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Lib Dems Challenge Phone Masts on Health Grounds

March 18, 2005 12:40 AM

This Friday 18 March, Liberal Democrat Chief Whip, Andrew Stunell MP will present a bill to Parliament that aims to bring mobile phone masts under strict planning control and bring in the 'precautionary principle', giving extra safeguards for schools, homes, and medical facilities from the risk of excessive radiation.

The positioning of mobile phone masts has caused controversy across the country as masts have been put up close to schools, hospitals and residential areas. Local planning authorities do not currently have any powers to block mast applications for masts below 15m and only have limited powers for those above.

Parmjit has tabled a number of Parliamentary Questions asking how many Masts have been put up specifically, in Leicester since Labour came to power.

Commenting, Parmjit said:

"The Conservatives did a deal with the phone companies when they were in government to cut planning controls for masts.

"It is easier to get planning permission for a mast than it is for a porch. This is an alarming situation and needs to be addressed."

"This bill will allow planning authorities to take account of health concerns and will require the industry to produce more evidence about the radiation emitted, and to justify the need for each mast."

"I hope that the bill gains all party support given the unknown and as yet un-researched effects the masts might have on public health."


Notes to editors:

1) The Telecommunications Mast (Planning Control) Bill is a Private Members Bill introduced by Andrew Stunell MP (Liberal Democrat), and with all party support and MP sponsors from the three main parties.

2) First Reading: 12th January 2005

Second Reading debate timetabled for 18th March 2005.

3) Andrew Stunell's Bill is based on the work of the All Party Mobile Phones Group, whose report last year recommended the re-imposition of normal planning controls on phone masts (at present there are wide-spread exemptions which frustrate objectors and planning authorities), and the adoption of the 'Precautionary Principle' when considering applications.

The main provisions of the Bill reflect these recommendations:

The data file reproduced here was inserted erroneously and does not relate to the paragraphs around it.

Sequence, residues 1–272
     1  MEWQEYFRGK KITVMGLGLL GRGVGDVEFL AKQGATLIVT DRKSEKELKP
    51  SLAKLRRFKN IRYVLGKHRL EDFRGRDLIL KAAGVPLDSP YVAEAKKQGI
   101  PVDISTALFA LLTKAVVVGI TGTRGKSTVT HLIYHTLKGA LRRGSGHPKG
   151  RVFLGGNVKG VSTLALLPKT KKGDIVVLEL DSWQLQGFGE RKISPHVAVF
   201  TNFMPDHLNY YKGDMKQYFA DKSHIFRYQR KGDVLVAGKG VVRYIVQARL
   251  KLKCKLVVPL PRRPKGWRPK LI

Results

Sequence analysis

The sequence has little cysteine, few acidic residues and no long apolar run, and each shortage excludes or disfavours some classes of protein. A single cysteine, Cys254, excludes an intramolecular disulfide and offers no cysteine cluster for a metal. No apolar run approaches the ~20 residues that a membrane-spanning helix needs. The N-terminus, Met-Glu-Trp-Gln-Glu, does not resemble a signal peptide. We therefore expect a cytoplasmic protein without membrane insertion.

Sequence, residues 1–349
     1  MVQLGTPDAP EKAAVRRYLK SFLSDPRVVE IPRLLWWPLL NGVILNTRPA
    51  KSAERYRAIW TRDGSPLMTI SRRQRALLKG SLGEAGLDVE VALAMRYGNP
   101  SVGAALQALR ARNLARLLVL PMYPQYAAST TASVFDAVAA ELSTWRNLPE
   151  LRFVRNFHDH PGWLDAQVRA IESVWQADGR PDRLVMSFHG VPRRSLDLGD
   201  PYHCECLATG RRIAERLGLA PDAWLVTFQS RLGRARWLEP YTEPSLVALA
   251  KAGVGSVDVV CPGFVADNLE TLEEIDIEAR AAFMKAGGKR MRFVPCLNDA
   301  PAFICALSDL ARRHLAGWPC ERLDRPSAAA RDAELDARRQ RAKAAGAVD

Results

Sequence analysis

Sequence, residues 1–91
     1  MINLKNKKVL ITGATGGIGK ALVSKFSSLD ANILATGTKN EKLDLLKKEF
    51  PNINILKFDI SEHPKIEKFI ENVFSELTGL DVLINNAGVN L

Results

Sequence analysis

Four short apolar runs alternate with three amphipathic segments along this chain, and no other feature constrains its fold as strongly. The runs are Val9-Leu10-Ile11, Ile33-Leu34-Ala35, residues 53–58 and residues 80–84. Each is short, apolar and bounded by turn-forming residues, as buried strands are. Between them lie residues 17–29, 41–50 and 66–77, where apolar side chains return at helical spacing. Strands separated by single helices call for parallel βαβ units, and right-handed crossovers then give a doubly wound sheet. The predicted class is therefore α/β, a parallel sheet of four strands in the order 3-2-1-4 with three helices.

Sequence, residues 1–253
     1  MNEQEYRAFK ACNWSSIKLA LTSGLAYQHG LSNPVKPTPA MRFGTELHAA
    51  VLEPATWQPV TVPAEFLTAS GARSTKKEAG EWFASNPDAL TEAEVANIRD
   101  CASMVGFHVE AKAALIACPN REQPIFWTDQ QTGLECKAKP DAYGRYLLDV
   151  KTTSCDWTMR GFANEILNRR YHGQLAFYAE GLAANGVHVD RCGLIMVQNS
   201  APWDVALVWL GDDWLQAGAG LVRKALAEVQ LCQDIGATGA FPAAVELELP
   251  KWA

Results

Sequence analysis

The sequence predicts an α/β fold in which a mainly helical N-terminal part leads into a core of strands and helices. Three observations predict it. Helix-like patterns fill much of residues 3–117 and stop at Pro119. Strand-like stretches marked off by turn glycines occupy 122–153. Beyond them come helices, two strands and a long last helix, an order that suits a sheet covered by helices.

Clause 1 specifies that every mast application must include a 'precautionary principle' statement. If that statement does not give a particular mast a clean bill of health, that can now be a reason for refusal. (At present all health issues are reserved to central government in relation to masts.)

Clause 2 requires that the statement set out details about the intensity and direction of the signal radiated from the mast. If the strongest part of the radiation falls on school or other educational buildings or land, or on any medical facilities, or on homes then, in certain circumstances, that could provide sufficient grounds for refusal of planning permission. (At present a Planning Authority can take no such evidence into account).

Another important step is to bring all masts back within the planning system - at present those below 15 metres high (around 50 feet) are exempt from control.

4) The measures in the Bill are opposed by the Government and by the mobile phone industry.

Supporters of the proposals are asked to encourage their MP to support the Bill, and also to write in support to the Office of the Deputy Prime Minister (responsible for planning legislation), and to the Department of Trade and Industry (responsible for the mobile phone industry), encouraging them to adopt the precautionary principle, and to withdraw their opposition to the Bill.

Sir William Stewart, the former Chief Adviser to government, originally crystallised concerns about health risks associated with telecommunications masts in his first Report. The present Bill, and the work of the All Party Group, takes much of its inspiration from Sir William's work.

Footnote: Sir William has just issued a second report, recommending that young children should not use mobile phones because of un-quantified risks to their health from radiation. This is not covered in the present Bill.